Millions of citizen scientists have been flocking to projects that pool their time and brainpower to tackle big scientific problems, from astronomy to zoology. Projects such as those hosted by the Zooniverse get people across the globe to donate some part of their cognitive surplus, pool it with others’ and apply it to scientific research.
But the way in which citizen scientists contribute to the scientific enterprise may be about to change radically: rather than trawling through mountains of data by themselves, they will teach computers how to analyze data. They will teach these intelligent machines how to act like a crowd of human beings.
We’re on the verge of a huge change – not just in how we do citizen science, but how we do science itself.
The awesome human brain
The human mind is pretty amazing. A young child can tell one human face from another without any trouble, yet it took computer scientists and engineers over a decade to build software that could do the same. And that’s not human beings’ only advantage: we are far more flexible than computers. Give a person some example images of galaxies instead of human faces, and she’ll soon outperform any computer running a neural net in classifying galaxies.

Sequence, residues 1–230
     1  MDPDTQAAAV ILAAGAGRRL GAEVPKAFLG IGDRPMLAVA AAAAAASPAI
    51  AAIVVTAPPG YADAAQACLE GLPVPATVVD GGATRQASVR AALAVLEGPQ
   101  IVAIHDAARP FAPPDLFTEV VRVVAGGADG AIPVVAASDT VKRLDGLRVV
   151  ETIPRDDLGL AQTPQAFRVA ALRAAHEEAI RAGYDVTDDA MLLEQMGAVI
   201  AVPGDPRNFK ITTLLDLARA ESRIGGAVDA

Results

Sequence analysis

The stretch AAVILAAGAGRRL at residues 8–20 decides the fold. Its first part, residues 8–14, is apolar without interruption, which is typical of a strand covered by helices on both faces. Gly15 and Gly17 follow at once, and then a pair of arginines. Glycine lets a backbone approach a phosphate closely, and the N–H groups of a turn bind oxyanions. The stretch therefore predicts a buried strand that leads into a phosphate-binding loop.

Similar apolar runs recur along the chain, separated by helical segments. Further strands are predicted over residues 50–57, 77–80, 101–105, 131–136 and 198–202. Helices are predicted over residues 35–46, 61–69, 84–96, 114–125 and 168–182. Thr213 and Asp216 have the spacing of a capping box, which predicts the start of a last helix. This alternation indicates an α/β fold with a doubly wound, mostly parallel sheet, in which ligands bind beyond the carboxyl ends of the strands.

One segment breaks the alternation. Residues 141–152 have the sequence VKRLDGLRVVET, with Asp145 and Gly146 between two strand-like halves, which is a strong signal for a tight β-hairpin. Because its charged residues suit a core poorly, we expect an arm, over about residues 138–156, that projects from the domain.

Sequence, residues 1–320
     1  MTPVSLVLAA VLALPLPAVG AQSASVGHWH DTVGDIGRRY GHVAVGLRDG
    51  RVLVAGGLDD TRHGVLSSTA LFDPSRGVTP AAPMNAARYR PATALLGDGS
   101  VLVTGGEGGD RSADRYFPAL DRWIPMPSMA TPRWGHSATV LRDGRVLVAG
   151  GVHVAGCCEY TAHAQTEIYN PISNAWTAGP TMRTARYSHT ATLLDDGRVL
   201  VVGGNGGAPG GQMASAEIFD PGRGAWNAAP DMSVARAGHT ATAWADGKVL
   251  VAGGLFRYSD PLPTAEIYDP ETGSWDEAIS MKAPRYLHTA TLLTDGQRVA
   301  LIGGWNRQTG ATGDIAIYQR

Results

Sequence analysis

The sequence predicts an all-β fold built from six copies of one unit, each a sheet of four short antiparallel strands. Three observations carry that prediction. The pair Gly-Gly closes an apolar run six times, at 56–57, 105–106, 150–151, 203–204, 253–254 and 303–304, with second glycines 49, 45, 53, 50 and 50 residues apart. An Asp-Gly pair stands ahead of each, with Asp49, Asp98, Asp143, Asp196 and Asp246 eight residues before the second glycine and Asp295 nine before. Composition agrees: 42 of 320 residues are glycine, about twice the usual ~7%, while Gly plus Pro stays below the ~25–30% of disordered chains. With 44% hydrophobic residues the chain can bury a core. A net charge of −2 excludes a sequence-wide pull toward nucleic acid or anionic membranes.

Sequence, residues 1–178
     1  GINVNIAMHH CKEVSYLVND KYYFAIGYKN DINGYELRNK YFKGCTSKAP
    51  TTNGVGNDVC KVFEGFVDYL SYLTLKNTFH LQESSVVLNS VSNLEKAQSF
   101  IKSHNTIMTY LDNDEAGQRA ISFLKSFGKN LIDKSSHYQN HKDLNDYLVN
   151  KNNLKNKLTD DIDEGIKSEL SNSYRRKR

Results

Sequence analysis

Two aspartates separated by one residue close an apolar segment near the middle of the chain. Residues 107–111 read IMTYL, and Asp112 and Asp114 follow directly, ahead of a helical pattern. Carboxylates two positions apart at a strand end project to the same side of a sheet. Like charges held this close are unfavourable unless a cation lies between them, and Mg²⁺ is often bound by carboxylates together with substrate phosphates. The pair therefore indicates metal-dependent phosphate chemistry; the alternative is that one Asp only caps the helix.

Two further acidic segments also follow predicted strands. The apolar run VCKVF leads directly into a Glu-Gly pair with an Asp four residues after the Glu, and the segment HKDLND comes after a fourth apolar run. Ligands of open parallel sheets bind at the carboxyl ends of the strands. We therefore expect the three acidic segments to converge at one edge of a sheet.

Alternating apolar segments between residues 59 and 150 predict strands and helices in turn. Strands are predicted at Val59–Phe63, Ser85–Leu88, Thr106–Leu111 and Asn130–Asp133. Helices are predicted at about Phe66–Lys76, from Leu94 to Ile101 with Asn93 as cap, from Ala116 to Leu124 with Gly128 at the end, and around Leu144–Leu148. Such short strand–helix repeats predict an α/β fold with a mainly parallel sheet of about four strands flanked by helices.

I hit on that reality when I was trying to classify about 50,000 galaxy images for my Ph.D. research in 2007. I took a brief overview of what computers could do and decided that none of the state-of-the-art solutions available was really good enough for what I wanted. So I went ahead and sorted nearly 50,000 galaxies “by eye.” This endeavor led to the Galaxy Zoo citizen science project, in which we invited the public to help astronomers classify a million galaxies by shape and discover the “weird things” out there that nobody knew are out there, such as Hanny’s Voorwerp, the giant glowing cloud of gas next to a massive galaxy.
[Source:- Phys Org]